Newspaper Page Text
The Klein Co. policy
does not permit of carry
ing merchandise from one
season to another. There
fore a reduction of 1-3 on
this season's trimmed hats
in, black, blue, purple, tan
9 N. Market Square
s — \
Natures Own Tonic
For the tired business man or wom
an. for the schoolteacher in neod of !
rest and relaxation and for till others
seeking relief from overstrain or cor
roded systems— l have just tho proper
tonic to offer—a trip to Colorado — ]
where you can rest tinder glorious
skies, drink in the Invigorating, whole
some air: deriving ail the splendid j
benefits from outdoor life in the most |
wonderful climate In the world. And
the best part of it all is the low cost
In such a trip-—I want you to know
how it can be arranged at very mod
I.«et me send you descriptive matter
which contains maps and pictures of
t'olorado and which features the at
tractive. comfortable hotels and board
ing houses with their low rates.
My personal service is at your dis
posal and I will gladly help arrange
> our trip for you—relieving you of
much detail. It is part of the Burling
ton (C. B. & Q. K. R.) service and
will cost you nothing.
Call at the office or write for a copy
of the free Illustrated handbook on
Colorado and its atractions.
Wm. Austin. General Agent Passen
ger Depts., C. B. & Q. R. R. Co., 836
Chestnut street. Philadelphia.—Adver
Non-Explwrfvf ■ —*■>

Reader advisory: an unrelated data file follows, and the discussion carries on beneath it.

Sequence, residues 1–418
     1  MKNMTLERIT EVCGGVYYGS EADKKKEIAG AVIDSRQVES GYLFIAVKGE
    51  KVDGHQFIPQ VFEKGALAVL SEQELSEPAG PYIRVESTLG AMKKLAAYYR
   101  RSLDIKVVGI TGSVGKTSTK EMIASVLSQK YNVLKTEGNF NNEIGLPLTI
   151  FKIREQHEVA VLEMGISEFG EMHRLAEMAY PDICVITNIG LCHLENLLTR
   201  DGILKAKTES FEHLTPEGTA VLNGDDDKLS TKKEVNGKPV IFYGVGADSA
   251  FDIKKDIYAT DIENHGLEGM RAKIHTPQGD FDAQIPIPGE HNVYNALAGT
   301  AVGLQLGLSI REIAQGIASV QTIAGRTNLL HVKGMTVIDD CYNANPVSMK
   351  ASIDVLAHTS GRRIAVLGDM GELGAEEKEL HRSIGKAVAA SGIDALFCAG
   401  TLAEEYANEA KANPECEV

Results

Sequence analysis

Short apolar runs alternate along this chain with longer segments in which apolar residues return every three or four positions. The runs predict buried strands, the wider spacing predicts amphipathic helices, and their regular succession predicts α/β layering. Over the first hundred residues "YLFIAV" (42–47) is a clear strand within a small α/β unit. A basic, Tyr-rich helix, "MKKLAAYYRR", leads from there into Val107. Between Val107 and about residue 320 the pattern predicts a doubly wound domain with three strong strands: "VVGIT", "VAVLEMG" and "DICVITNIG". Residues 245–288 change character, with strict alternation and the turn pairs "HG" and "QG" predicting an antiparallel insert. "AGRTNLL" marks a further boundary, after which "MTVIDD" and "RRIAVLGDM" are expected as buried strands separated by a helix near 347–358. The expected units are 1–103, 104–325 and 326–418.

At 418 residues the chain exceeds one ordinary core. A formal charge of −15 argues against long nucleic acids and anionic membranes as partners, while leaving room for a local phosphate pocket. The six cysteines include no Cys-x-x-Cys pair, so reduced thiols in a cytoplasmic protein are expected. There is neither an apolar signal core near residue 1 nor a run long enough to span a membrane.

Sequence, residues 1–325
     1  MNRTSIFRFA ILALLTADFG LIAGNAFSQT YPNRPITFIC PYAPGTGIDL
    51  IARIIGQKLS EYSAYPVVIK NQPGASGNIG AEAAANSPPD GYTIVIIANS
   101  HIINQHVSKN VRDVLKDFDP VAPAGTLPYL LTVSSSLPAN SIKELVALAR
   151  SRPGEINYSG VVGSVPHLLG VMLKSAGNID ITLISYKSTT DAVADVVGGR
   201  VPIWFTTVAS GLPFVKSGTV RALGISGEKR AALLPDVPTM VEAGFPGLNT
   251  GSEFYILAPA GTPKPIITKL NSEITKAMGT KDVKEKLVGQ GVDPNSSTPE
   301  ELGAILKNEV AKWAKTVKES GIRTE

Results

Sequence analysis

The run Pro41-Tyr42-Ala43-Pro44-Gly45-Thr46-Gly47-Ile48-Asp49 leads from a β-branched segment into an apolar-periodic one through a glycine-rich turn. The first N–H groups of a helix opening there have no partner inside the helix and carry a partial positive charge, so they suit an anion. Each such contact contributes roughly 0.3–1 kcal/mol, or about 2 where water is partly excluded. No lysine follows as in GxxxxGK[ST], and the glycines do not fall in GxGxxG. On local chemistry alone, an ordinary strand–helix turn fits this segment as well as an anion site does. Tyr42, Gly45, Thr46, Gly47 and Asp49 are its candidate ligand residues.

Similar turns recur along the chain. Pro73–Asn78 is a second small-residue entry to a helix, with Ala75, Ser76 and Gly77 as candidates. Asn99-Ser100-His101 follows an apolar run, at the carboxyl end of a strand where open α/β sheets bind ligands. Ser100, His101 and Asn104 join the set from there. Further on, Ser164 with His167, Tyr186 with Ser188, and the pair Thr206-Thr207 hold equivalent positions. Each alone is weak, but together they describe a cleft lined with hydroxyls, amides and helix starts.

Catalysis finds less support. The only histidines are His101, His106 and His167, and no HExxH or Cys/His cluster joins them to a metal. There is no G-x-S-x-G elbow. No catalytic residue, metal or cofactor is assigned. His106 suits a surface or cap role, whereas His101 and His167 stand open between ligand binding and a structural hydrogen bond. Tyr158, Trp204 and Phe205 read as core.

for thi* Display —'Th# Old Roll&bl*~
In An y Reliable Ztoatar't Bton.
llilllllilililii ilillillllllllllll iIBIIJi
IF you want to buy an iron fence j
see us. High grade fences at i
Reliance Supply Company
Fourth anil Boyd Streets, '
Bell phone «29.
Cumberland Valley Railroad
In Effect November 30. 191 S.
TRAINS leave Harrisburg—
For Winchester and Martlnsburg at
[:O3. •7:62 a. m.. *3:40 p. m.
For Hagerstown, Chambersburg, Car
lisle. Mechanicsburg and Intermediate
stations at 5:03, *7:52, *11:53 a in., i
•3:40. 5:32. *7:40. «11:15 p. m.
Additional trains for Carlisle and j
Mechanicsburg at 9:48 a. m 2:18. J:27
6:30. 9:30 a m.
For Dillsburg at 5:03. *7:52 and 1
• 11:53 a. m„ 2:18. *3:40. 5:32 and (:3b I
•Dally. All other trains dally except !
Sunday. H. A. RIDDLE, i
1 K. TONGE. Q. P. A.
PREPARE FOR OFFICE WORK
DAT ANT) NIGHT SESSIONS
FYirolT V#»Tt Afnndfly
SCHOOL OF COMMERCE
15 6. MARKET SQ., ■ HARRISBURG,
Harrisburg Business College
Day and Night. Business,
Shorthand and Civil Service. In
dividual Instruction. 28th year.
329 Market St Harrisburg, Pa.
Charles B. Cluck
Carpenter and Builder
Jobbing promptly attended to; screen
doors ana windows a specialty; also
One cabinet work.
Call Bell Phone 1317-J.
2200 Logan Street
P. A. LUTZ, M. D.]
Jp (3k H Practldnf Physician
A Medicine and Eieetrlslty
\ Practice Confined to
S£3j| 10S-A Market Street
Bin) ERT A KEM
RUDOLPH K. SPICER
Funeral Director and Embalmer
u: Walnut S«. Bell Pbu-j»
Try Telegraph Want
THURSDAY EVENING, HARRISBURG TELEGRAPH MAY 21, 1914.
HARRISDURGEBS ARE !
i HAVING FINE TIME;
[Continued from First l'age.]
tions almost cost Nixon his luncheon !
but he got back in time for the speech- j
making and a kindly disposed waiter j
saw to it that he got three helpings of |
| roast chicken ami two dishes of Ice I
cream —just by way of showing that j
the waiters of York know how to make j
it up to any visitor who may have his I
little troubles while in their town. |
Nixon was heartily congratulated
upon the able manner in which he'
conducted his own defense before the
chief of police, who after the hearing
confidentially informed itls friends that
I while the Pennsylvania may have ac- l
i quired a very good freight agent the